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Like those in time past, their separate clients and the tools they use today also identify freelancers. Their work and their weapons. As Deskmag has noted here before, an increasing number of workers are choosing coworking as a way to stay free but also access the power of connection. It’s easy to visualize the thousands of freelancers huddled around their tools in coworking spaces around the world today. Individual yet connected. An army of creative mercenaries.

Second, using the Ngram chart as a guide, you can clearly see the evolution of the word "freelance" over time. The two separate words “free lance,” were used more often than any other spellings through the early 1800s, until the hyphenated version, “free-lance, began to take over in popularity in the 1920s. Finally in the late 1970s, writers eschewed the hyphen in favor of pushing the words together. A seamless solution for an integrated word in a further integrated world. The word became simply, “freelance.” Our tendency with language is to make words streamlined over time, and our workplaces and work lives are no different. Where we once worked apart from each other, plying our trades in dark and isolated offices, we now prefer the light filled openness of the modern coworking space. According to the global forecast for coworking, these trends are increasing.

We have removed the extraneous parts of the traditional office and have whittled coworking spaces down to their essence. Concurrently, our work lives have also followed suit. We can now carry an entire office in our briefcase: phone, Rolodex, copy machine, file cabinet, internet, etc. We have been simplifying the physical workspace by placing so much of it in digital form. This article could not have been written if this lowly freelancer didn’t have access to the information superhighway. I am a freelancer using modern tools, which have been simplified over the years to research the word freelance, which has itself been simplified over time. It’s all so Meta.

So, back to P.G. Wodehouse and his earnest optimism. By the time he referenced a character that was living happily as a freelance writer in the 1930s, freelancing was a fairly common idea. But Wodehouse hit on something interesting. Freelancing makes people happy., it is clear that freelancers are generally happier and feel better about their career than traditional workers. According to the Deskmag Global Survey but why should that be? Perhaps we can find a clue in the root words themselves, as they might shed some light on the idea behind freelancing and the initial concept of self-fulfillment.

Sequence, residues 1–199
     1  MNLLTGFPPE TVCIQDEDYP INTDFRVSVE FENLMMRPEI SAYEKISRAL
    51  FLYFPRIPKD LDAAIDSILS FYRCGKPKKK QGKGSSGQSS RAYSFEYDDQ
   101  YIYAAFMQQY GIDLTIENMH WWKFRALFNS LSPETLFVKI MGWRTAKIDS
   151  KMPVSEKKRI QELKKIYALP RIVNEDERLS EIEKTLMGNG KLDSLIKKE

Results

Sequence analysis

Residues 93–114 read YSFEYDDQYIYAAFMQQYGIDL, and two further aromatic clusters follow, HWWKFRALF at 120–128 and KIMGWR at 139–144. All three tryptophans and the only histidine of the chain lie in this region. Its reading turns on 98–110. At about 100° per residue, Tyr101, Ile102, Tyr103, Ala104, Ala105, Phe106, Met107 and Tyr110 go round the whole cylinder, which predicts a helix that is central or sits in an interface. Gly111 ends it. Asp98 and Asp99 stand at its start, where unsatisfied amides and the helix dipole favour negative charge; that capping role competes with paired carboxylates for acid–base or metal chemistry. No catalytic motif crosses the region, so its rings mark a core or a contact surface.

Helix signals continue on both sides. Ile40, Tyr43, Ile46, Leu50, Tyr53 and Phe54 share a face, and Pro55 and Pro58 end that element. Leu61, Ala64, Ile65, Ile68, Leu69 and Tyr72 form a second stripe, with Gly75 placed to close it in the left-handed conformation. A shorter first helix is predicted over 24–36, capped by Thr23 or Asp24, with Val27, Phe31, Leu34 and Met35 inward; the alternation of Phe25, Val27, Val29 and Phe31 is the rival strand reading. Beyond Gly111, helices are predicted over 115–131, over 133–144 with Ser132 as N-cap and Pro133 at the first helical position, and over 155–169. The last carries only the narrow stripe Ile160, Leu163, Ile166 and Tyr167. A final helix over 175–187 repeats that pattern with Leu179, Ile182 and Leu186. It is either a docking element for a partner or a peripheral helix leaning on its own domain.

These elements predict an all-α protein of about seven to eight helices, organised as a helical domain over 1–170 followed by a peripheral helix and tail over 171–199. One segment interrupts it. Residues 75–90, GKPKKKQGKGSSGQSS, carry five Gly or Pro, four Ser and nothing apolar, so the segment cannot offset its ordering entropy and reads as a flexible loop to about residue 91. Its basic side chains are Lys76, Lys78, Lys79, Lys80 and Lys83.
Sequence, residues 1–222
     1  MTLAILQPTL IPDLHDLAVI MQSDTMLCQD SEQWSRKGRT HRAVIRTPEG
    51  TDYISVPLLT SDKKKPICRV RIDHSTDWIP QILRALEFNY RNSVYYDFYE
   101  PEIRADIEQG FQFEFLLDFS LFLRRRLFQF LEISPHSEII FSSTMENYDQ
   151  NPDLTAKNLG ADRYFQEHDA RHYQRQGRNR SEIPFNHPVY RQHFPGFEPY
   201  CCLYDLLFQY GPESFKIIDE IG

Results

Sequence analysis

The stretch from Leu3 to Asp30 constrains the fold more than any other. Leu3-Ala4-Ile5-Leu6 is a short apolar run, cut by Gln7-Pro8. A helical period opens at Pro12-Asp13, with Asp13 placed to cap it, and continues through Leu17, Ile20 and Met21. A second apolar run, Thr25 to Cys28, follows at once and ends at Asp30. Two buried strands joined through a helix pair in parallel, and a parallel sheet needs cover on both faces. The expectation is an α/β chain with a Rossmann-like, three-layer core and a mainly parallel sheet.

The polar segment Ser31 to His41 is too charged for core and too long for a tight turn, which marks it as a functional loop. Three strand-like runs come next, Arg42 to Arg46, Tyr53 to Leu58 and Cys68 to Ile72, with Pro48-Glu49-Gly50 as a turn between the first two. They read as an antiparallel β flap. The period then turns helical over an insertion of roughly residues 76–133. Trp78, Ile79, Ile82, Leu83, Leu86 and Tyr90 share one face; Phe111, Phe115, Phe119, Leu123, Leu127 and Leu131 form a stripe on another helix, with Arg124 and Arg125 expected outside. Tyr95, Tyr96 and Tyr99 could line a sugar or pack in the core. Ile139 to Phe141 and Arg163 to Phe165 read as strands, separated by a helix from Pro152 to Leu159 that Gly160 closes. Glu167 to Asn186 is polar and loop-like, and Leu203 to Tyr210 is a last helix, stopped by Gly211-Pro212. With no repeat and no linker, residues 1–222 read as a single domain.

It turns out that word "free" comes from a root word of Germanic origin, meaning to love. And "lance" is related to the old French word for launch, meaning to hurl, throw or discharge with force. Beautiful, right? And not just for people who love to throw things. It’s especially helpful because this concept can be interpreted in one of two ways. Freelancers may be happy because they are hurling themselves at what they love to do, discharging the force of their creativity into their work. Or they may be happy because they are creating work with love before hurling it into the world for the rest of us to utilize and appreciate. Whatever the interpretation, freelancers are essentially given permission to be happy at work, from the very word itself, freelance.

As a freelancer myself, I have gained a few important take-aways from these explanations of the term. While the word "freelance" first rose to prominence as a way to describe mercenary soldiers, it is not a new idea. Throughout history workers have sold their availability and skill for a purpose, and there is something fundamentally comforting in the concept that nothing is entirely new. The philosophical challenges we face as humans and workers in today’s world are similar to those of our ancestors, even if we are separated by hundreds of years. The tools may have changed, but we are stilling fighting the good fight, selling our work for the promise of pride and a sense of fulfillment in our lives. It’s a difficult road to take and it can certainly wear a person down but when all else fails, remember the root words. Your work and your weapon. Hurl yourself at the things you love. Your passion will be reflected in your creations and in the quality of your happiness. 

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